Whatever the reason, Columbia’s schools are hard at work trying to maintain their programs. If it takes going to local middle schools to let players know how important they are to their high school programs, the coaches are doing it.
At Battle, Conyers has even opened his practices to parents who may be wary of letting their kids play at the high school level.
“(It might take) meeting with those parents and putting it all on the table.” Conyers said. “Not trying to sugarcoat it, not trying to hide it. Let them know, ‘Hey, this is the way we are doing things now. I know it’s a concern, but come watch practice if you want.’”
Creating a culture
With the different trends between national and local high school football participation, the question remains how Columbia’s schools have kept their numbers up over the years.
It could be visits to the middle schools. It could be inviting parents to watch practice. It could be any number of other efforts.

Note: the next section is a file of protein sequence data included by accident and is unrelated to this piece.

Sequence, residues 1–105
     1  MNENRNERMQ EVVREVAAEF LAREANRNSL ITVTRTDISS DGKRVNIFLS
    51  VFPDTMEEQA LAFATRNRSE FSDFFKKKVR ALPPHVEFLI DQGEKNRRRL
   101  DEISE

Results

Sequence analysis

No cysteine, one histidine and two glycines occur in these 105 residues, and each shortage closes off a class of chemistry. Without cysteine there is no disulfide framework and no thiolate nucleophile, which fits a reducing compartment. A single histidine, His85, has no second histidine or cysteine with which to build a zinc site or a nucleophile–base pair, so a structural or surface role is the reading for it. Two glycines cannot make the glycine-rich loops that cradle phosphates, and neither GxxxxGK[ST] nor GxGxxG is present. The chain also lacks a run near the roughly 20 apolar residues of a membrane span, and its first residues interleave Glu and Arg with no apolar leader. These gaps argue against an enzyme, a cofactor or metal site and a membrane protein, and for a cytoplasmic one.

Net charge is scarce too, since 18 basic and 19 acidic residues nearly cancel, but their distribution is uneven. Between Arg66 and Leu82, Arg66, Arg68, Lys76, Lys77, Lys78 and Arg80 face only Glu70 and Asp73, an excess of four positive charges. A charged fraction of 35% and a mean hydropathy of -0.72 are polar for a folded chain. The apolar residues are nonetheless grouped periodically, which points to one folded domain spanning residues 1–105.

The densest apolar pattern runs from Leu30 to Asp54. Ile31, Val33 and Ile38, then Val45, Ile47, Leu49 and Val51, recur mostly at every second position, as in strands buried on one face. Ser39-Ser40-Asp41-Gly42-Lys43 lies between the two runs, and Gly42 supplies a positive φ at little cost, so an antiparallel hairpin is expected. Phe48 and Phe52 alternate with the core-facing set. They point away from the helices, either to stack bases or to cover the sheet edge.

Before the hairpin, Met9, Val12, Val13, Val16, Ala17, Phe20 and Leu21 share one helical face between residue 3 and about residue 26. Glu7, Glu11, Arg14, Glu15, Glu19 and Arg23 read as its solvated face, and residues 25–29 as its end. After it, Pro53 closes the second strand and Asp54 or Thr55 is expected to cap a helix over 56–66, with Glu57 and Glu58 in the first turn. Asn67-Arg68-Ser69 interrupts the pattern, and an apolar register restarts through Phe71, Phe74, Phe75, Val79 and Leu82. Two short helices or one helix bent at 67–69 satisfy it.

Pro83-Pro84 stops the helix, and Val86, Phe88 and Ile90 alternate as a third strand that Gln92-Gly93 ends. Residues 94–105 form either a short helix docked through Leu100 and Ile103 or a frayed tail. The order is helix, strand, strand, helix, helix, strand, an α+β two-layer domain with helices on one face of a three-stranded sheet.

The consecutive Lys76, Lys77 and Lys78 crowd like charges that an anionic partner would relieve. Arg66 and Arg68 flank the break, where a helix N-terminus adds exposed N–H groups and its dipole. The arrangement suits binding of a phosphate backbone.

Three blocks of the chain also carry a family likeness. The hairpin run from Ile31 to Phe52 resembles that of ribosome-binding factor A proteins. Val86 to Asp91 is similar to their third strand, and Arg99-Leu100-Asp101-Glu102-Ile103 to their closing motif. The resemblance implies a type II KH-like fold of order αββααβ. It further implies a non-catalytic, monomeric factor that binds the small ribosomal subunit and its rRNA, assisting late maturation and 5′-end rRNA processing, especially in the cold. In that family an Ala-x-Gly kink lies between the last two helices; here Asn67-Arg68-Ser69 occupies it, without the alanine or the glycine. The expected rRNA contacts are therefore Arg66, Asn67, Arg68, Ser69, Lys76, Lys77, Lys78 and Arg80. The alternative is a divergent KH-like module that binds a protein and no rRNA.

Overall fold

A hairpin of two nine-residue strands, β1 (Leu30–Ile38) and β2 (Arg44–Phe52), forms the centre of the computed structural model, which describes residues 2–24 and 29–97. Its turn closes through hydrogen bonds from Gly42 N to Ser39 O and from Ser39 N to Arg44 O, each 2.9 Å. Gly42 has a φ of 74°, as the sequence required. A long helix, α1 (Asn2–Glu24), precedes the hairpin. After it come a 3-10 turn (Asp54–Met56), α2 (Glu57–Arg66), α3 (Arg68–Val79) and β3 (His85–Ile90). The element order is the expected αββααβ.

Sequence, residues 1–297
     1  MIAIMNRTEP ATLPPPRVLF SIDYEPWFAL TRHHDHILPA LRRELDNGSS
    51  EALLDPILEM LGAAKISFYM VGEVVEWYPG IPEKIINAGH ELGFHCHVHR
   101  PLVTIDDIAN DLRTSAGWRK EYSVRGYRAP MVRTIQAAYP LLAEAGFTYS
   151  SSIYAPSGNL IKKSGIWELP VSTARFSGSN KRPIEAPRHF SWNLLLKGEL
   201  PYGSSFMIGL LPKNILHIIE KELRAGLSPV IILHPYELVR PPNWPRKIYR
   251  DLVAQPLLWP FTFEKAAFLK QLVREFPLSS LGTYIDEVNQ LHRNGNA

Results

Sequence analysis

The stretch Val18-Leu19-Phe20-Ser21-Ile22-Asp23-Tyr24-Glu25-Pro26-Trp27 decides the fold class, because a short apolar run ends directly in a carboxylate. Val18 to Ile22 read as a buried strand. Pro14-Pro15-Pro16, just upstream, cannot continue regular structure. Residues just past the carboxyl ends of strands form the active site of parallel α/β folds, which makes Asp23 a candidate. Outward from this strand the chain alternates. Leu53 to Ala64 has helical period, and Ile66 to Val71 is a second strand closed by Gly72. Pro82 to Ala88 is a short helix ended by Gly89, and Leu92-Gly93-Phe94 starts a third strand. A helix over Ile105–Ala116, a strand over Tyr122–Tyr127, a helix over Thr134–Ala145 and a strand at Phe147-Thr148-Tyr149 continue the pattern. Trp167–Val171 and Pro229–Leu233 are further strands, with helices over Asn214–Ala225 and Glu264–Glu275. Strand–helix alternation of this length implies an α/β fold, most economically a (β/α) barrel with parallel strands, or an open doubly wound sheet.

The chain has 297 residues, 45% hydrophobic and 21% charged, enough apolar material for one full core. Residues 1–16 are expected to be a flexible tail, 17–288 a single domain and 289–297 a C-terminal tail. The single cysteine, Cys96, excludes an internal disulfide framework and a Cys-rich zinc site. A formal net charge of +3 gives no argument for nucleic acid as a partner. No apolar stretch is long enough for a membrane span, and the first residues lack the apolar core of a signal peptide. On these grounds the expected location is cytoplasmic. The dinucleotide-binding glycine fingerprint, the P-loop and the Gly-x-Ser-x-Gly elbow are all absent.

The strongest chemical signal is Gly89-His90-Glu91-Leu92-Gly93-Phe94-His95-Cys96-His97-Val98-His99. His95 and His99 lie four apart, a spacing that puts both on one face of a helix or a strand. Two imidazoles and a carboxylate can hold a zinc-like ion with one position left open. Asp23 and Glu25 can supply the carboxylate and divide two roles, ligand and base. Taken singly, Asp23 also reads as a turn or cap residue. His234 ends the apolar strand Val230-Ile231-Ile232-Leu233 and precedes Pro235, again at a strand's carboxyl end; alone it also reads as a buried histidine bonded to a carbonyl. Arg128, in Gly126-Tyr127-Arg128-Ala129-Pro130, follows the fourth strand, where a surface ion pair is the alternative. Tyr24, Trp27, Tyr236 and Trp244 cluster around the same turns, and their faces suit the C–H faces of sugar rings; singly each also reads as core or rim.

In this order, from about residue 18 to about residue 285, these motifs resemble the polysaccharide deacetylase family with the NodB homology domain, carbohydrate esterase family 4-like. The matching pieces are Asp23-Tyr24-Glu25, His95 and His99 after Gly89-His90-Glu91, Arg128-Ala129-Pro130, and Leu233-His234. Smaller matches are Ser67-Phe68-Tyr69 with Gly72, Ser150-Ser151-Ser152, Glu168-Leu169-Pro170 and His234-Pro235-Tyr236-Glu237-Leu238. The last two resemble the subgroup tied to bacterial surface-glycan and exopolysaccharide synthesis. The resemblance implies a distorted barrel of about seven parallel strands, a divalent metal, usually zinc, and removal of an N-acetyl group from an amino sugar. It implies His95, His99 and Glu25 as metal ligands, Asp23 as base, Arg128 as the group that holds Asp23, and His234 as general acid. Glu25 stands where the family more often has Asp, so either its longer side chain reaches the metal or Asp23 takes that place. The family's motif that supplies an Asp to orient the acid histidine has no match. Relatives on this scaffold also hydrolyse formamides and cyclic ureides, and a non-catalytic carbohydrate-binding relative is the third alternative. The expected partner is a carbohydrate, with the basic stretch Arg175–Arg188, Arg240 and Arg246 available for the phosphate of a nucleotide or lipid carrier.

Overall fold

But to Conyers, one main reason is because of the “football town” Columbia has become. From the Columbia Youth Football League all the way up to Missouri football, the city seems to promote a love for the game.
There is a sense of pride in Columbia football that transcends many objections concerning whether to play. Columbia’s size, as one of the larger cities in the state, does help in keeping rosters up, but it still takes creating a culture that makes youth want to play football.
With the deep roots Hickman, Rock Bridge, Battle and Tolton continue to plant in the city, that culture has surely been created.
In Conyers’ mind, that might be all it has taken for Columbia to avoid the national trend.
“Kids are growing up, and they’re going to those (football) games,” Conyers said. “And just like they want to be the next kid that plays at Battle, well, they want to be the next kid that plays at Mizzou. I think that keeps kids involved.”
Supervising editor is Michael Knisley, firstname.lastname@example.org, 882-5729.